Mingle integrates with Go, the Continuous Integration and Delivery tool from ThoughtWorks Studios. This allows the users of Go and Mingle to surround their data with additional context, increasing the value of the information therein.
Mingle's Go pipeline status gadget allows the display of the current status of a Go pipeline in a Mingle page or card. This allows users to view current project status across the two products in a single view. To enable this integration, please follow the instructions for configuring the display of Go gadgets within Mingle.
When Go 2.2 is released, we will update this help with details on additional Go / Mingle integrations.
To display a Go pipeline status gadget in Mingle, Mingle must be version 3.3 or greater and Go must be version 2.1 or greater.
ThoughtWorks Studios products use the OpenSocial gadget stack to provide UI integrations. This provides a secure, standards-based platform for displaying one application's content in another application. Part of this infrastructure is that Mingle is itself an OpenSocial gadget rendering server. That is, it's possible to display most any Open Social gadget in Mingle using Mingle's OpenSocial gadget macro. For the most part, a gadget is simply a piece of content from another application, such as a weather forecast map or a Go pipeline status indicator. If you use iGoogle and have customized your home page, you have worked with OpenSocial gadgets.
Out of the box, most gadgets are publicly available content that do not require authentication and authorization. However, some gadgets, such as those published by the ThoughtWorks Studios products Mingle and Go, do require authorization. To accomplish this, Mingle's gadget rendering server supports OAuth 2.0 services. If gadget content can be securely accessed via OAuth 2.0, Mingle will be able to render that content. If the gadget content is secured through some other means, Mingle will not be able to display that gadget.
Enabling Mingle for OAuth 2.0 enabled gadgets does require the Mingle administrator to take extra configuration steps.
If you are simply looking to configure the display of Go pipeline status gadgets in Mingle, please skip straight the the instructions that are specific to showing Go gadgets in Mingle.
A gadget rendering server with OAuth 2.0 capabilities similar to what Mingle provides would be capable of showing ThoughtWorks Studios gadgets. That is, if iGoogle were to start supporting OAuth 2.0 in conjunction with its gadget support, and your Mingle instance was on a public server, it would be possible to display ThoughtWorks Studios gadgets on your home page. This is not currently possible so look for more on this from us in the future.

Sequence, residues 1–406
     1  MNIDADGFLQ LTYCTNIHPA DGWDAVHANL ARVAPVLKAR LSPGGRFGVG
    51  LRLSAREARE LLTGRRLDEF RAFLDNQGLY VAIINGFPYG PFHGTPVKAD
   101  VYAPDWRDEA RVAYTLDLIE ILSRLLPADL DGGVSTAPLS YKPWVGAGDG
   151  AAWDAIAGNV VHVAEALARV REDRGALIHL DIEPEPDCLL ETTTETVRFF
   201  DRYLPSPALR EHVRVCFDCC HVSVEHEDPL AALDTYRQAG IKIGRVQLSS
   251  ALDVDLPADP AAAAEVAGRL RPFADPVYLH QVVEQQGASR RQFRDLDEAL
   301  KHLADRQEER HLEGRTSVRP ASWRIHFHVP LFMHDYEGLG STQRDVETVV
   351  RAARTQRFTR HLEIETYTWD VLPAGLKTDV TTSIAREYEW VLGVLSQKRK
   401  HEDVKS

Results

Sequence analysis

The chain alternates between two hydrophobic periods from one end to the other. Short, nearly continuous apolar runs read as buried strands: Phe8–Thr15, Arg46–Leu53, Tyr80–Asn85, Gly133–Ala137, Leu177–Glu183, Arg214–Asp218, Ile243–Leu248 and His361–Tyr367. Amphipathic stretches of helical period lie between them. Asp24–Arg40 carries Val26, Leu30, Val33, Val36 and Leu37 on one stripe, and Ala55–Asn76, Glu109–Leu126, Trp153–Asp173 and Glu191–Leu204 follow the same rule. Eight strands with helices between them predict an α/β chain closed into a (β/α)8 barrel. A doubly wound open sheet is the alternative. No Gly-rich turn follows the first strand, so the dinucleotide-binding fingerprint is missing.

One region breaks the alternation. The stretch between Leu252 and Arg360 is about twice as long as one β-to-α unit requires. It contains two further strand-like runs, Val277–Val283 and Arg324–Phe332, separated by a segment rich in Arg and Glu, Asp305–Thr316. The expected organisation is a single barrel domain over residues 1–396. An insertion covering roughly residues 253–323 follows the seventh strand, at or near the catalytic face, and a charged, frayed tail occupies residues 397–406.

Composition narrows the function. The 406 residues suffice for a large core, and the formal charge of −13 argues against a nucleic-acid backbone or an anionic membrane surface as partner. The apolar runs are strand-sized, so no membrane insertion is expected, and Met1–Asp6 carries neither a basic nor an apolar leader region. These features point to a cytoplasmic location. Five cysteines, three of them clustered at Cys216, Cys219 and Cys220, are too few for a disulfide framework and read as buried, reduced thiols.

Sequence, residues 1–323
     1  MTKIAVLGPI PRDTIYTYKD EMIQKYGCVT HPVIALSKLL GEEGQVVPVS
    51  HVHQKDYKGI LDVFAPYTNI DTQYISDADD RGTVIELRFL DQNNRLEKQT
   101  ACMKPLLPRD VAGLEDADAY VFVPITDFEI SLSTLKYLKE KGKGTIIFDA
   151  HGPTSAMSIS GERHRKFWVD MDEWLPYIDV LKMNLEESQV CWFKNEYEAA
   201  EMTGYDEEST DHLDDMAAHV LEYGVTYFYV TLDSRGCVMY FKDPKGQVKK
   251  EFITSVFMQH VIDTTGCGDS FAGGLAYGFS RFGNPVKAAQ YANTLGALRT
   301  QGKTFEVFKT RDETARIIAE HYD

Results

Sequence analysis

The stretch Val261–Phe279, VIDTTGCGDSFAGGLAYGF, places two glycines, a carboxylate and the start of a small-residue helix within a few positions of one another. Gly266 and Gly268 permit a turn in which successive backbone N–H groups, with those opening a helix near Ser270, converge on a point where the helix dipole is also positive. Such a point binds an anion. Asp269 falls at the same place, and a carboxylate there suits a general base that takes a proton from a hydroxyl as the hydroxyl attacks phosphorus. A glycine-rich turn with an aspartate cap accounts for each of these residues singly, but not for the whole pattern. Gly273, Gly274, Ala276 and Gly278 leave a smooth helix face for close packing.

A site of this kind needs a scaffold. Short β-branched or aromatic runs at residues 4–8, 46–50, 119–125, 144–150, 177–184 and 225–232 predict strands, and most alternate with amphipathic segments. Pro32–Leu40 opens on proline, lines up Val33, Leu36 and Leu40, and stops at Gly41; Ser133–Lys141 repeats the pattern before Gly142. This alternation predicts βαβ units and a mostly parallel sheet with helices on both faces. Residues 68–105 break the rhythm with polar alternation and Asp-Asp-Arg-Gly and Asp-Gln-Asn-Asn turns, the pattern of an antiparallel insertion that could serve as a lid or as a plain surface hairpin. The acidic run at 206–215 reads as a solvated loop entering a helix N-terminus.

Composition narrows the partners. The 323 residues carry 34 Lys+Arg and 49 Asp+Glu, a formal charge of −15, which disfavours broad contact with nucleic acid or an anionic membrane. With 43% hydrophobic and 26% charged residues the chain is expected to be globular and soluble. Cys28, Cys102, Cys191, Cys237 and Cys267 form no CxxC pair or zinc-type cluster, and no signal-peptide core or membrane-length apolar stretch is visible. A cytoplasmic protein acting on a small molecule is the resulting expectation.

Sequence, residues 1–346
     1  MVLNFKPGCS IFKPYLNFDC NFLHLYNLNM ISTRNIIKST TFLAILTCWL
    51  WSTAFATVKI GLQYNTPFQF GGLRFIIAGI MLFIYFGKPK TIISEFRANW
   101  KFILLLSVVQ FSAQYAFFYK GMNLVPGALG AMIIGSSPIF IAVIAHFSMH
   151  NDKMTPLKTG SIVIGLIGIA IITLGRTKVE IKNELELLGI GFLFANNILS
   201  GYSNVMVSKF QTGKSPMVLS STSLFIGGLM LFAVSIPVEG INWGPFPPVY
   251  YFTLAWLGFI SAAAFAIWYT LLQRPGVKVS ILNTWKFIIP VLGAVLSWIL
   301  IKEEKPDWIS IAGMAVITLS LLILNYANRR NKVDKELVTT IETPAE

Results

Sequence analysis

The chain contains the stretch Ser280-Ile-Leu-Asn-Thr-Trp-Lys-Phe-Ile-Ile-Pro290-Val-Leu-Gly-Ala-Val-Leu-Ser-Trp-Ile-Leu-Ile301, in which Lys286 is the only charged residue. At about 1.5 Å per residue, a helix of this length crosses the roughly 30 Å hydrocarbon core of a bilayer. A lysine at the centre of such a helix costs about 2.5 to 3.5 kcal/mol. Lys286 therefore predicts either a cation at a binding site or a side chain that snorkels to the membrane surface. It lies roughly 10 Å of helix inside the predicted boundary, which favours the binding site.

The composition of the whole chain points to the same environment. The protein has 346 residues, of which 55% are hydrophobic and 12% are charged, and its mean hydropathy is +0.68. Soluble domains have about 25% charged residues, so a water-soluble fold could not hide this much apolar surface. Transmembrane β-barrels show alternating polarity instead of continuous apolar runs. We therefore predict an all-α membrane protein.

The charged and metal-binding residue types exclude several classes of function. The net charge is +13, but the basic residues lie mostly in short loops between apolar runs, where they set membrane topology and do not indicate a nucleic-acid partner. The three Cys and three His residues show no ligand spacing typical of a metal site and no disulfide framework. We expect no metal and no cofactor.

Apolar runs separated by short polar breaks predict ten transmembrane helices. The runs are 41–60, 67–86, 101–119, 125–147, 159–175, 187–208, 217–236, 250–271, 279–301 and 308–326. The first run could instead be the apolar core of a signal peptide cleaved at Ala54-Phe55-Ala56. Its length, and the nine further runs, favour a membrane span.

OAuth is an open-standard that enables a user to share private protected resources, e.g. photos or financial records, which she stores on one site or application with another one of her commonly used sites or applications without asking her to share any passwords between the two sites. OAuth is quickly becoming a widely adopted standard, with implementers including Yahoo, Facebook and Twitter.
In the context of ThoughtWorks Studios applications the private protected resources are the data. For example, if someone had configured Mingle and Go integration, a Mingle user will only be allowed to see Go Pipelines in Mingle that he would normally be allowed to see in Go. That is, when Mingle show's Go data in its pages, the Go authorization rules are not relaxed to allow all members of that Mingle project to automatically see the pipeline. The same can be said when Go shows Mingle data in its pages. It should also be possible to maintain this principle when showing Mingle or Go content in a 3rd party, non-ThoughtWorks Studios context.
In order to make this work, Mingle and Go (and in the future all Studios server-based applications) use OAuth 2.0 (v9) as a means of allowing a user of one application to establish his identity in the other application, while also granting the privilege of data access on his behalf. Both applications are OAuth providers. Both applications run a gadget rendering server capable of acting as an OAuth client. Currently, OAuth is only used for gadget-related communication, but we plan on expanding what data can be made available via OAuth in the future.
Below is a series of movies we've made that explain how OAuth works. Part 1 covers the basics and is likely enough for most users. Parts 2-4 get into the more technical details of how the protocol works.